Sixty years ago, with victory over Japan in sight, Ernie Pyle, America’s greatest World War II correspondent, was killed by a sniper while covering the war in the Pacific. For a nation still reeling from President Roosevelt’s death, the loss of Pyle six days later came as a terrible shock.
In this year of tributes to the aging vets of the Second World War and disputes over the war in Iraq, it is important to remember Pyle, not only for what he meant to the nation in dark times but for the perspective he sheds on today’s war reportage, with its embedded correspondents and its muckraking coverage of the Abu Ghraib prison scandal.
What F. Scott Fitzgerald’s novels were for the 1920s and John Steinbeck’s for the 1930s, Ernie Pyle’s reportage was for the 1940s: a generational mirror. At its peak Pyle’s column appeared in more than two hundred daily newspapers and four hundred weeklies. Two collections of his columns, Here Is Your War and Brave Men, were best-sellers. Time put Pyle on its front cover. Hollywood did a movie, The Story of G.I. Joe, based on his European reportage, and in 1944 he was awarded the Pulitzer Prize.
But in the years since his death, Pyle’s reputation has plummeted. In The First Casualty, his history of war correspondents from Crimea to Vietnam, Phillip Knightley does what nobody from Pyle’s generation would have: he dismisses Pyle’s concern for the individual soldier as sentimentality. “No detail about life for the G.I. in Europe was too insignificant to report,” Knightley writes patronizingly of Pyle. “No complaint too minor to mention, no message too mundane to relay. His column became the inarticulate G.I.’s letter to his folks back home.”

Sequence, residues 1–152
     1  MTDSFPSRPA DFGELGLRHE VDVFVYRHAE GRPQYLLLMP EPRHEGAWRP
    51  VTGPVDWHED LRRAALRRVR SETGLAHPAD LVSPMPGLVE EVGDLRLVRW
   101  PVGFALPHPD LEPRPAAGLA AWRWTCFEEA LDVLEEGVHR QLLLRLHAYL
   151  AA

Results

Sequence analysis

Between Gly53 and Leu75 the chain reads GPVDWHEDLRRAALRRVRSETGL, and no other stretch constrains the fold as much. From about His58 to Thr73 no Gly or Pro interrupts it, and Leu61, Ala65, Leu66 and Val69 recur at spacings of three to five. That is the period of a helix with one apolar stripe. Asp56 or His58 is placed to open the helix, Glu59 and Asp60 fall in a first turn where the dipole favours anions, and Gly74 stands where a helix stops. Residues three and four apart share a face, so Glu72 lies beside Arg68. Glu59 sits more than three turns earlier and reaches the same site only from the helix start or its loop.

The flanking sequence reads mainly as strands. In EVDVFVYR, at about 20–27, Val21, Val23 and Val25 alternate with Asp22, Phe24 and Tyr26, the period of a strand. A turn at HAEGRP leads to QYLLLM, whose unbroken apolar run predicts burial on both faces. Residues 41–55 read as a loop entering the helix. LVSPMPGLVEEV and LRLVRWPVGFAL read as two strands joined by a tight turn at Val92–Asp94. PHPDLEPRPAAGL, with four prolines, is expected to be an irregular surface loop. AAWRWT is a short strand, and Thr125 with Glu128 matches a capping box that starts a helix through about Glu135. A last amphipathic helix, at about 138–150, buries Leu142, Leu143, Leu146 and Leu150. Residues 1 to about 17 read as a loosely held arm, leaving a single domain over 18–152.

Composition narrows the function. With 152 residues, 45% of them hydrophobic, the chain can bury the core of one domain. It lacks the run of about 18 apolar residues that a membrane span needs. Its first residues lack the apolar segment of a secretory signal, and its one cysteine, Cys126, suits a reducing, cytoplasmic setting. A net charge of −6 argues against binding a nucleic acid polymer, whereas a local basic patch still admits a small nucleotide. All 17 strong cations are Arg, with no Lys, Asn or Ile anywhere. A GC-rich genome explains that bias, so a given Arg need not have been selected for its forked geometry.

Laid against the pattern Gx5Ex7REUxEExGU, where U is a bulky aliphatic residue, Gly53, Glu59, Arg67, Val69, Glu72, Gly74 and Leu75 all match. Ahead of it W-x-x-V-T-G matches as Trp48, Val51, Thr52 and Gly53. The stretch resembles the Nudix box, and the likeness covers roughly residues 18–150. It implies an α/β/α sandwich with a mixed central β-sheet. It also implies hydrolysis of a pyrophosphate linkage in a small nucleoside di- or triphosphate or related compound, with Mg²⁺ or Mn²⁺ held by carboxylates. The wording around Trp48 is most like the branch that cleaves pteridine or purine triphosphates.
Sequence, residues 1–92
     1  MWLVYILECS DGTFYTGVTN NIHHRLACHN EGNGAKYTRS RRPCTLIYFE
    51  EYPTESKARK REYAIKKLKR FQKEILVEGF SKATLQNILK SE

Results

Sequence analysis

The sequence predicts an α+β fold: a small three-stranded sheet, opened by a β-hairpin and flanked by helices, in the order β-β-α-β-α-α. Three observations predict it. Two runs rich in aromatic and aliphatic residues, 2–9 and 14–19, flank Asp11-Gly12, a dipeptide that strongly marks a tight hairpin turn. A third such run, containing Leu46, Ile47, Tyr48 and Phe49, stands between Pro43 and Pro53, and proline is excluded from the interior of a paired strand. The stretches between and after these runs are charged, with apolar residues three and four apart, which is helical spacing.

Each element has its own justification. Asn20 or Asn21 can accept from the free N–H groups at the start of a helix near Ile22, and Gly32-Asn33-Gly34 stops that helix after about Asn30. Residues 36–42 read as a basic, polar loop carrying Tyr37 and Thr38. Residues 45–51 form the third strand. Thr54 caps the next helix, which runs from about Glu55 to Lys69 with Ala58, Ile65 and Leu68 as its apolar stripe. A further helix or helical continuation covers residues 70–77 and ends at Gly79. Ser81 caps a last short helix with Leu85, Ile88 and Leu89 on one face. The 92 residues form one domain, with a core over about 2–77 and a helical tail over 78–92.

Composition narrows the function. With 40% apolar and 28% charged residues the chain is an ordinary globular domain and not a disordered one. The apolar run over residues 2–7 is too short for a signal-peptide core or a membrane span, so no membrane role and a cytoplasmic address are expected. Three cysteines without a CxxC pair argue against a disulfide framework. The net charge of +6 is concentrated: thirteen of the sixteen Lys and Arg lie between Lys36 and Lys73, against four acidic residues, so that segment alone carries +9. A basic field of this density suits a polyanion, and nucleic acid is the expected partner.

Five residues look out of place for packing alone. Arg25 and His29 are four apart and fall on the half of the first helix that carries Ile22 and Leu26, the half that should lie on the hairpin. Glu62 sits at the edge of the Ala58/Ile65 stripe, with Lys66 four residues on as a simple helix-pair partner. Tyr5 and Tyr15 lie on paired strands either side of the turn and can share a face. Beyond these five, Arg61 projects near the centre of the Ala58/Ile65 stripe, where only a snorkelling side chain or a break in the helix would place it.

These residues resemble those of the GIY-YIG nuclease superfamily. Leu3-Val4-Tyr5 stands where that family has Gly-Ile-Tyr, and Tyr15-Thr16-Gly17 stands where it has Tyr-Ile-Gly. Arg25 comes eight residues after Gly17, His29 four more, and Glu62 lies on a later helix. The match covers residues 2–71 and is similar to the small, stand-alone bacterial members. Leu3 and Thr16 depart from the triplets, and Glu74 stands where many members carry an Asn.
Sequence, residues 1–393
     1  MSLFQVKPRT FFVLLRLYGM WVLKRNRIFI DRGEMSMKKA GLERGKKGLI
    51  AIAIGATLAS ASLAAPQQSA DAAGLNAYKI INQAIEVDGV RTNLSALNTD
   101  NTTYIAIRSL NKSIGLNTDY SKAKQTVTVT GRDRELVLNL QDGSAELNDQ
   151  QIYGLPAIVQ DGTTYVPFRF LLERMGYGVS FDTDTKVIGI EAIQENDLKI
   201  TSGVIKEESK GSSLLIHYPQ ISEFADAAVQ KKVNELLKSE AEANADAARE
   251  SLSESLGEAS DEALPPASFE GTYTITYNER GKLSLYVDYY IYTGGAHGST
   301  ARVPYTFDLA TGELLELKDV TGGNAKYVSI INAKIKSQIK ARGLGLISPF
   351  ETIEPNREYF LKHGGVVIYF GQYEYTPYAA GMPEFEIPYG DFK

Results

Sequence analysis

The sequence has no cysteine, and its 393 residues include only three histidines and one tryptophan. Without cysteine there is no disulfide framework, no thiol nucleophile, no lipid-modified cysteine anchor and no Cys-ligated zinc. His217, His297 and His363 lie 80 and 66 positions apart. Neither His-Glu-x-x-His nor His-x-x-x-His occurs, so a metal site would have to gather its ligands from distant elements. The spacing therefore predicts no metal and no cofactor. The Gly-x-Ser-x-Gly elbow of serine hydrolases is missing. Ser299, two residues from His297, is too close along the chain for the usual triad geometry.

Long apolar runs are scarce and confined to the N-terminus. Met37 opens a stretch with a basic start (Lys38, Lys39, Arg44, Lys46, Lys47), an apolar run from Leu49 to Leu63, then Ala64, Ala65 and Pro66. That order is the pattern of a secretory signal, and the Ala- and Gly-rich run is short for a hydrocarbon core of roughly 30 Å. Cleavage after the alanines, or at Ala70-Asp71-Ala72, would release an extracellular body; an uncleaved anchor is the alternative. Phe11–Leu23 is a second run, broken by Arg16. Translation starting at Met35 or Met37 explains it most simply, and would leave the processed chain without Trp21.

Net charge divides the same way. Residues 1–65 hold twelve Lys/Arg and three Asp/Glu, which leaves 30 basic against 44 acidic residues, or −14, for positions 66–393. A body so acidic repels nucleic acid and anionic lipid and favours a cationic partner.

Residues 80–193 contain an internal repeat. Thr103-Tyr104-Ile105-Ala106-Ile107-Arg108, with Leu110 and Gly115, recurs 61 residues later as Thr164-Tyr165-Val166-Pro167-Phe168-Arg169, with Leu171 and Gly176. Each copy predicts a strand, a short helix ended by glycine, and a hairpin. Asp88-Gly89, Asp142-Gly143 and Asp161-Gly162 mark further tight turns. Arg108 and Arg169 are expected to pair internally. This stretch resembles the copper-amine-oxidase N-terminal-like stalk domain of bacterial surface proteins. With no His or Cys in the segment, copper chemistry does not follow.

Knightley’s disdain for Pyle and for a style of war reportage that parallels the thirties writing of Steinbeck, an outspoken Pyle admirer, reflects the degree to which Pyle does not fit our current image of a war correspondent as a reporter who gets close to the action and then exposes the government’s lies about the war it is waging. Pyle seems too trusting of the military, too cozy with his readers for our contemporary tastes. In contrast to fiction writers of his generation, such as Joseph Heller in Catch-22 or Kurt Vonnegut in Slaughterhouse Five, who remain popular today, Pyle does not lead us to the antiwar novels and reportage that since Vietnam have become a staple of American literature.
In writing off Ernie Pyle, we have, however, lost a historic perspective as valuable as the antiwar vision we now honor. We have lost a sense of what it means for a frontline correspondent to write thoughtfully, yet with undisguised partisanship, about a war he and the nation believe that we are all in together.
Like Bill Mauldin, whose “Willie and Joe” cartoons he so admired, Pyle wrote about World War II from the bottom up. He did not worry, as a professional historian would, about failing to provide a strategic ...
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